This question is very easily answered. It depends on one's definition of egg or chicken. If the definition of a chicken contained a phrase where it must hatch from an egg then the egg came first. It's just how communication and human brains work. We must have definitions of things to communicate concepts.
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Re: What came first?

Postby Watson on January 3rd, 2018, 6:01 pm 

Isn't that implied in the question? Egg from chicken or chicken from egg? Standard definitions apply.
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Re: What came first?

Postby Braininvat on January 4th, 2018, 1:06 pm 

Couldn't a mutagen alter a pre-chicken's sperm first? The altered gene would then come from a sperm that had been zapped by a cosmic ray or whatever, which then enters the hen's ovum and fertilization ensues. If the mutation were dominant, then the phenotypic expression of "more like a chicken" would begin with that next generation. You could name the first hatched rooster "Jean Luc Picard."
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Re: What came first?

Postby Watson on January 4th, 2018, 3:37 pm 

And the first Picard would come from the egg. #EGG 1st. I'm going to start it.
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Re: What came first?

Postby BioWizard on January 5th, 2018, 7:33 am 

Watson » 04 Jan 2018 02:37 pm wrote:And the first Picard would come from the egg. #EGG 1st. I'm going to start it.


lol...
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Re: What came first?

Postby Hendrick Laursen on January 5th, 2018, 12:12 pm 

Thinking Evo-Devo; in an incredible array of nothingness, in the beginning, was some kind of solution (that resembled our extracellular fluid); that phospholipid progenitors wrapped around the most primitve cell and hence life began.

Then we have the third tenet of the infamous cell theory, added by Rudolf Virchow that "Omni Cellula e Cellula"; considering that every maternal cell could fulfill the criteria to be the Chicken in this analogy,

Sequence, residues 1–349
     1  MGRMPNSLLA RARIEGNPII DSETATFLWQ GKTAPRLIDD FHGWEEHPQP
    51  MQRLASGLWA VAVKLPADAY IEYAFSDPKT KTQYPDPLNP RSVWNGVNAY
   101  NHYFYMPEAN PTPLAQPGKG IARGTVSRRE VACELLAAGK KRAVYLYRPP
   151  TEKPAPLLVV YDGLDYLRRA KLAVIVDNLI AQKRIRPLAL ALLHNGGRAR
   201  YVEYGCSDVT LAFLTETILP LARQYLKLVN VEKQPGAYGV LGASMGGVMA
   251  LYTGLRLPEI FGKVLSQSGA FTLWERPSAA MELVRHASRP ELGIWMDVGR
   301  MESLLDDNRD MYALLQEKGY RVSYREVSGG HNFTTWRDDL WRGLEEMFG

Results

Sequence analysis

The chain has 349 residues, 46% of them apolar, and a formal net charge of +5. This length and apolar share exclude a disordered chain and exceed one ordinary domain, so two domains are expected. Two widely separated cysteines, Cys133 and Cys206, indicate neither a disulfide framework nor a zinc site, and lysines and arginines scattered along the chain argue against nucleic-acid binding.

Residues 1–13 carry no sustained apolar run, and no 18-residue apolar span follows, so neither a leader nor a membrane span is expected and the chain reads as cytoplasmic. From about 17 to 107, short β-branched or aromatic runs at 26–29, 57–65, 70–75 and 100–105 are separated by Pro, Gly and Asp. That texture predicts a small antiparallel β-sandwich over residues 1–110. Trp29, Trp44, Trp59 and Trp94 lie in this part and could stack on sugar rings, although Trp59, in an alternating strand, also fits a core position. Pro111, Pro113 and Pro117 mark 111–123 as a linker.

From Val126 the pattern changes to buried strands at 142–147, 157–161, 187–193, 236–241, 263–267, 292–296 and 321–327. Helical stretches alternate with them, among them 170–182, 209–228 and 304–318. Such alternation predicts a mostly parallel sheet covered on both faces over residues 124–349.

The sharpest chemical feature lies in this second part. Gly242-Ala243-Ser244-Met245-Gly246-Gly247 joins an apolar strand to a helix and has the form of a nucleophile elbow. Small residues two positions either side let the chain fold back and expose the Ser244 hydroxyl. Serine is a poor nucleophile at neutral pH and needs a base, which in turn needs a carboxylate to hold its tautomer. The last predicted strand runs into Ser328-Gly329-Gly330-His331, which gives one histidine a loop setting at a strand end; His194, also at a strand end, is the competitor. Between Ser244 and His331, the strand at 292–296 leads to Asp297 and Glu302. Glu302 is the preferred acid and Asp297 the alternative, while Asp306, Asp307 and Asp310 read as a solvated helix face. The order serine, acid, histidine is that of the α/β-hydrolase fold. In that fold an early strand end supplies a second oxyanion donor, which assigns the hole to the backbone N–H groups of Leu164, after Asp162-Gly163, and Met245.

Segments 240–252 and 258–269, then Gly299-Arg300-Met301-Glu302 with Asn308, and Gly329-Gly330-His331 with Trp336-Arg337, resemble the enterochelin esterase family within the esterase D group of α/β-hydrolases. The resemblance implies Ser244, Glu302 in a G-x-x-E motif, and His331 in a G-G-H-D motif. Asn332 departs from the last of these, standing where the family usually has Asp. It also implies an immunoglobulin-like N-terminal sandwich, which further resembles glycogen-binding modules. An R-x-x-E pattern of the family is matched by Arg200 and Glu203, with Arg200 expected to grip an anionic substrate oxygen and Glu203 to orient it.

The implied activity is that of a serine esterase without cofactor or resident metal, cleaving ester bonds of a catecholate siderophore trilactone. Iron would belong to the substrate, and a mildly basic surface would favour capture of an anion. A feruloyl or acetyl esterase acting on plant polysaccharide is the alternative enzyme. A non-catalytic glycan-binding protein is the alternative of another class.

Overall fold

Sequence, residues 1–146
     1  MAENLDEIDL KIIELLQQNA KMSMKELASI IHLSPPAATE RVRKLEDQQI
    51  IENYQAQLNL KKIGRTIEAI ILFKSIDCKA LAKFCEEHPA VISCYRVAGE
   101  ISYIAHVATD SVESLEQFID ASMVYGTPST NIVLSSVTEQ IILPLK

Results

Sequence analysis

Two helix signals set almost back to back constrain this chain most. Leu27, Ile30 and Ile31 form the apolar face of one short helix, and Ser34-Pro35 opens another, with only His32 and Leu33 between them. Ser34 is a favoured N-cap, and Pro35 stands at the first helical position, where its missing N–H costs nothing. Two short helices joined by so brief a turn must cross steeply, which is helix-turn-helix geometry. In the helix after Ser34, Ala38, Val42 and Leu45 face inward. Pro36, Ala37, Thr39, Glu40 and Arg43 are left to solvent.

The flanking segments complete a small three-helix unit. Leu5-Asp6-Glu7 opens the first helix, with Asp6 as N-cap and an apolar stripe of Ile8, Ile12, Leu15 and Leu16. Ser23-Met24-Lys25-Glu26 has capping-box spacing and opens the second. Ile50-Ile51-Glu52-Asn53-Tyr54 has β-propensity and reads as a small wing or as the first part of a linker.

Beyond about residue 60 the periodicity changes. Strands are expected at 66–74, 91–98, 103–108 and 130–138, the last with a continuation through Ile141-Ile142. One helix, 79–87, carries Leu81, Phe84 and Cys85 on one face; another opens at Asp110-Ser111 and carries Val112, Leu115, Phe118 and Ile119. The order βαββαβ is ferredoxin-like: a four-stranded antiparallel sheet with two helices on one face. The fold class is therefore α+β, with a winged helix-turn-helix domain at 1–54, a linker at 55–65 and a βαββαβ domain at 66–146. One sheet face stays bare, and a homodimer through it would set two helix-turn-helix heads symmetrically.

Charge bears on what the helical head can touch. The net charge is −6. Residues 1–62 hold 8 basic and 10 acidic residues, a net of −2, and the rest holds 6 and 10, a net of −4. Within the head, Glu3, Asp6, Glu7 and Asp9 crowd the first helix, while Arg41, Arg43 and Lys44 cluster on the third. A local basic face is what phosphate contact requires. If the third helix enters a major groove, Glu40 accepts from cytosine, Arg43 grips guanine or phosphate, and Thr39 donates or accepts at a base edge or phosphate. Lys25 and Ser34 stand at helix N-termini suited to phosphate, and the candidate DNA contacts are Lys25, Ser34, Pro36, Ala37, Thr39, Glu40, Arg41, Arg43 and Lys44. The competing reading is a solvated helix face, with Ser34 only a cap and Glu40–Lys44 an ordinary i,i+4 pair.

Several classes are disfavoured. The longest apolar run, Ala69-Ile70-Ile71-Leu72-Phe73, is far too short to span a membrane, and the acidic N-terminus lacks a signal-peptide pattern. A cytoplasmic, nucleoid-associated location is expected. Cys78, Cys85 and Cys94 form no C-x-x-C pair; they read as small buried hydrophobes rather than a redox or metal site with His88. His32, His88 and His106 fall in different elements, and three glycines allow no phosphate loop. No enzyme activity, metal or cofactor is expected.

So, the chicken came first?
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Re: What came first?

Postby Hendrick Laursen on January 5th, 2018, 1:36 pm 

BTW happy to be talking with Bio, Watson, Brainiavat and all others again after a couple of years of disappearing into the void. ;)
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Re: What came first?

Postby BioWizard on January 5th, 2018, 1:51 pm 

Hendrick Laursen » 05 Jan 2018 12:36 pm wrote:BTW happy to be talking with Bio, Watson, Brainiavat and all others again after a couple of years of disappearing into the void. ;)


Welcome back HL, you're looking all professional now :]
p.s. I still refuse to be involved in this thread (haha)
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Re: What came first?

Postby mitchellmckain on January 5th, 2018, 4:42 pm 

The question and the illusion that such a question has an answer is an artifact of language where we create arbitrary categories which are but lines in the sand. Watson's answer is much like trying to pinpoint a line in the sand with something smaller than a single grain. Can you not see the absurdity of calling an offspring of a "non-chicken" by the name of "chicken" because of a single chicken-like characteristic? And what will you do when the various chicken-like characteristics trace back to completely different ancestors existing in different millenia? Then the grains of this line in the sand are all over the place demonstrating that this effort to pin it down to a single egg is an absurdity.

The real value of the question is to demonstrate how easily we can be misled by various rational tools.
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Re: What came first?

Postby Hendrick Laursen on January 5th, 2018, 6:57 pm 

BioWizard » January 5th, 2018, 7:51 am wrote:
Hendrick Laursen » 05 Jan 2018 12:36 pm wrote:BTW happy to be talking with Bio, Watson, Brainiavat and all others again after a couple of years of disappearing into the void. ;)